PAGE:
Crossover Favorite Gets Updates Where They Count Most
Mazda has been listening to what customers and journalists have been saying about the CX-5 crossover. For 2014, it answered our pleas for more power with an available 184-hp, 2.5-liter I-4. For the 2016 model year, the automaker is addressing the other two big gripes about the CX-5: its dull interior and dated infotainment system. In addition, the already handsome exterior design gets a face-lift.
The first thing you’ll notice about the 2016 Mazda CX-5 is the redesigned “eye-like” headlights. Those lamps receive three-dimensional elements within the housings and also feature LED accents when the Technology package is selected. Those accents recall the lighting elements first seen on the global Mazda2, likely hinting that we’ll see the same design cue on other future Mazdas. The second big change was made to the grille area. Horizontal slats replace the mesh pattern used on the current model, and the front fascia is revised, as is the rear with redesigned taillights. LED units are available with the Tech package. A new set of 19-inch alloy wheels is available, and two new exterior colors, Titanium Flash Mica and Sonic Silver Metallic, are added.
But perhaps the most welcome aesthetic changes take place inside the cabin. The center stack has been completely redesigned, highlighted by the Japanese automaker’s new Mazda Connect infotainment system. Just as it does in the Mazda3, the touchscreen- and knob-operated system can pair with a smartphone via Bluetooth to access certain functions such as Internet connectivity, text message-reading, social media updates, and apps including Aha, Stitcher, and Pandora streaming radio. The whole cabin follows Mazda’s Human-Machine Interface and Heads-up Cockpit concepts, which helps make the refreshed crossover’s interior more driver-centric. The seats have been redesigned, gaining longer seat cushions in the rear and improved comfort and support in the front. The parking brake lever has been replaced by an electrical parking brake switch. In addition, cabin materials have been upgraded, with new fabric seat centers added on models with cloth seats and three types of decorative inserts for the instrument panel available, including an aluminum look with a vertical hairline finish and a thin satin chrome strip, metallic finish, and piano black styles. Leather interior color choices include black and a new Parchment off-white. Mazda says cabin noise has been reduced by 10 percent at highway speeds, and NVH tuning in general has been improved.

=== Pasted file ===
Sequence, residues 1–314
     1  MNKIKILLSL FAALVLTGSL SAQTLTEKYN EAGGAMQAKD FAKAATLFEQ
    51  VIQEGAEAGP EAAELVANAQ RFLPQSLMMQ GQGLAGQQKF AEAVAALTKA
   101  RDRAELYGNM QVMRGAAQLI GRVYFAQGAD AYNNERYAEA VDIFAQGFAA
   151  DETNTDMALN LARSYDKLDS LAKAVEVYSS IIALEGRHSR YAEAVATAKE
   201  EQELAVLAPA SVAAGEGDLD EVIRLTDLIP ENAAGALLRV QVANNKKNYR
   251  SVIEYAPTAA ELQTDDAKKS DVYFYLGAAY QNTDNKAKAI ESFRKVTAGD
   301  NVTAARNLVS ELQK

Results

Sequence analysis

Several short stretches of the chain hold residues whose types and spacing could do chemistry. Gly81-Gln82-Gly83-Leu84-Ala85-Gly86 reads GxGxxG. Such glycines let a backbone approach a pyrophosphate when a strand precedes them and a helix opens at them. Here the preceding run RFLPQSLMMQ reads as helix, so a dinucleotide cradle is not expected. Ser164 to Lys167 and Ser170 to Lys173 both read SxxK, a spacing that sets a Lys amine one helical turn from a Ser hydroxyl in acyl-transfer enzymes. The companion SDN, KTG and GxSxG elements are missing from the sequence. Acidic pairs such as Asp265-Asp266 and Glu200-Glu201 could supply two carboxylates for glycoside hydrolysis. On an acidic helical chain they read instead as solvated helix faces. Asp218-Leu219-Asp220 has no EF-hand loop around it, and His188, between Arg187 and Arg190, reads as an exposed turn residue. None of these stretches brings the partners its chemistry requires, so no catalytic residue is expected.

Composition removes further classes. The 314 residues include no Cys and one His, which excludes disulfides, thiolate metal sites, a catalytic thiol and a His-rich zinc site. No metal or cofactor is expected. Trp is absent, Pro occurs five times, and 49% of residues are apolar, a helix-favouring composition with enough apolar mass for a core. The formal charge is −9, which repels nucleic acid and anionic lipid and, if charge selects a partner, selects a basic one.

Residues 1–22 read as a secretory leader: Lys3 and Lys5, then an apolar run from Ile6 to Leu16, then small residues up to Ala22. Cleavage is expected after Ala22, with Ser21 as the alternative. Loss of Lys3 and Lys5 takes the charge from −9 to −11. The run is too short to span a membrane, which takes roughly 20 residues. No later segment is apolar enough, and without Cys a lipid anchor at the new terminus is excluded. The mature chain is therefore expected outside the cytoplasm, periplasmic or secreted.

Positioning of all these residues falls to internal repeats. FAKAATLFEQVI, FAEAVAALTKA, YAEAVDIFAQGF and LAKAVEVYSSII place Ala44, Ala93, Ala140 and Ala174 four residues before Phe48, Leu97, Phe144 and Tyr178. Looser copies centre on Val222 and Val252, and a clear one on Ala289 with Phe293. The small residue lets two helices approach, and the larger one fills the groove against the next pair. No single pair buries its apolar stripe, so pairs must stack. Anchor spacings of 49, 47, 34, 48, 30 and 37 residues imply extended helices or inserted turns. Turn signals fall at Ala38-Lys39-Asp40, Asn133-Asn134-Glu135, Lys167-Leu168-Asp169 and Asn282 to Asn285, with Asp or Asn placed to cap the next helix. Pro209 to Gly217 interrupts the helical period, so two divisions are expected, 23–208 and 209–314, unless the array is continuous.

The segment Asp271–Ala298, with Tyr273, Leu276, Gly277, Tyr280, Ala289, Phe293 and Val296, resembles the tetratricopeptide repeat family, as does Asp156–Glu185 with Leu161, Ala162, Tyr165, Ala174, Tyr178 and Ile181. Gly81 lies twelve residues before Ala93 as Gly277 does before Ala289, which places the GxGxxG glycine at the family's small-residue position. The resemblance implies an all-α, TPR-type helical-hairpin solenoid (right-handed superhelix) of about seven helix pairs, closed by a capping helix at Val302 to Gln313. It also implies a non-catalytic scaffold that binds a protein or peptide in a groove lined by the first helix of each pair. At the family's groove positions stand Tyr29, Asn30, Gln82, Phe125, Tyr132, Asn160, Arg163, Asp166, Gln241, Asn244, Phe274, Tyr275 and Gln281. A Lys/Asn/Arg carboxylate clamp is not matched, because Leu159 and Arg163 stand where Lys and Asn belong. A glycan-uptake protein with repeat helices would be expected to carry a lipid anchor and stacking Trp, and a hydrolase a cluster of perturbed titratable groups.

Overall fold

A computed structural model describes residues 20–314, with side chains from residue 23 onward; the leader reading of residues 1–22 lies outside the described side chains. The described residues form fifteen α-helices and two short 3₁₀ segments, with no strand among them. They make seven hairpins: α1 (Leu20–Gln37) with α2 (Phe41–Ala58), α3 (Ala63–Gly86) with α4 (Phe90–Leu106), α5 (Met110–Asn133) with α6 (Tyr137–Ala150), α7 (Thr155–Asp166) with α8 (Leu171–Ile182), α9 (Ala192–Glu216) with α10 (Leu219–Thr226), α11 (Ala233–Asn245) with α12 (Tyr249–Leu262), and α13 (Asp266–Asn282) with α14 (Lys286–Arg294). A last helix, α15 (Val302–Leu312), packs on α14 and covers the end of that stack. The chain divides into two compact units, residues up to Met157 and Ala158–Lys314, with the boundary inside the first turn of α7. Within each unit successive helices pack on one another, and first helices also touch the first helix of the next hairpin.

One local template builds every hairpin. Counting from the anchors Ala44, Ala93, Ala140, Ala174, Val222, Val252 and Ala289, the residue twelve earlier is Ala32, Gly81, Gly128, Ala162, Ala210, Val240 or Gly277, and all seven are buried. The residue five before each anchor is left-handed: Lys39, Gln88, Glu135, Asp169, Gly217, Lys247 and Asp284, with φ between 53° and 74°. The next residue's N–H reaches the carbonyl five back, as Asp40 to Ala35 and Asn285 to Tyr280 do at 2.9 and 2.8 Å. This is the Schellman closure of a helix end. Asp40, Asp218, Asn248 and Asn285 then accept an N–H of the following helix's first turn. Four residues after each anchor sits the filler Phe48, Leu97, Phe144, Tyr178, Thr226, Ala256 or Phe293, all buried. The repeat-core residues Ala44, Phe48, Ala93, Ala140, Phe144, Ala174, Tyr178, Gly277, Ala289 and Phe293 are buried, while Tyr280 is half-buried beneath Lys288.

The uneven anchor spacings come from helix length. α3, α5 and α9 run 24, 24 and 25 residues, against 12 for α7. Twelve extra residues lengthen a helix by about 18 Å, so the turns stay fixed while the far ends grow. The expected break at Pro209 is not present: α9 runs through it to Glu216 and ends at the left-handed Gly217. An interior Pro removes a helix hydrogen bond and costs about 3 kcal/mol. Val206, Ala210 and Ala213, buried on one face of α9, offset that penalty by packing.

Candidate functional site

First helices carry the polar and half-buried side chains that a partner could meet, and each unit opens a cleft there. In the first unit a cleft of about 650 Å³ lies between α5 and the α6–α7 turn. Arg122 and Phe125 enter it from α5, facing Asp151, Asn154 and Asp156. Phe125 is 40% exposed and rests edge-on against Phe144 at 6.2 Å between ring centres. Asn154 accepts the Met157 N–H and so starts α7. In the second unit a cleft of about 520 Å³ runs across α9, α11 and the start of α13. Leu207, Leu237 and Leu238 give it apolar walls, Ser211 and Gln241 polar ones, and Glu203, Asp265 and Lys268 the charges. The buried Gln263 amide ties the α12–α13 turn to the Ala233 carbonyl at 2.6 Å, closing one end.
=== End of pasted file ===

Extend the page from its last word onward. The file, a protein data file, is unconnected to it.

Powertrains remain unchanged and still include the base 2.0-liter Skyactiv I-4 making 155 hp and 150 lb-ft of torque. The optional 2.5-liter Skyactiv gas engine continues to make 184 hp and 185 lb-ft. Six-speed manual and automatic transmissions are still available, but the automatic gets an upgrade for 2016. The Skyactiv Drive automatic gains selectable driving modes, which Mazda says “brings greater pleasure to driving.” The suspension has been revised, as well, receiving a new structure for the front and rear dampers, along with new bushings for the front lower control arms. All-wheel drive continues to be available for the Mazda CX-5, and the system has been updated to yield better real-world fuel economy. The automaker hasn’t released numbers for the all-wheel-drive 2.0-liter model, but the 2016 CX-5 2.5-liter AWD retains its rating of 24/30 mpg city/highway. The front-drive 2.5-liter model sees a slight bump of 1 mpg in fuel economy at 26/33 mpg, compared to the 25/32 mpg rating of last year’s model.
For safety, the 2016 Mazda CX-5 gains more available i-Activesense technology, including Mazda Radar Cruise Control and Smart Brake Support. The former system is a type of adaptive cruise control that maintains a safe distance between you and the car in front. Smart Brake Support detects when a frontal collision is imminent and can automatically apply the brakes and reduce engine output.
The Mazda CX-5 didn’t need much to begin with, and these updates could go a long way in making this staff favorite an even better pick. We’ll find out for sure as soon as we get our hands on one sometime after the Los Angeles Auto Show.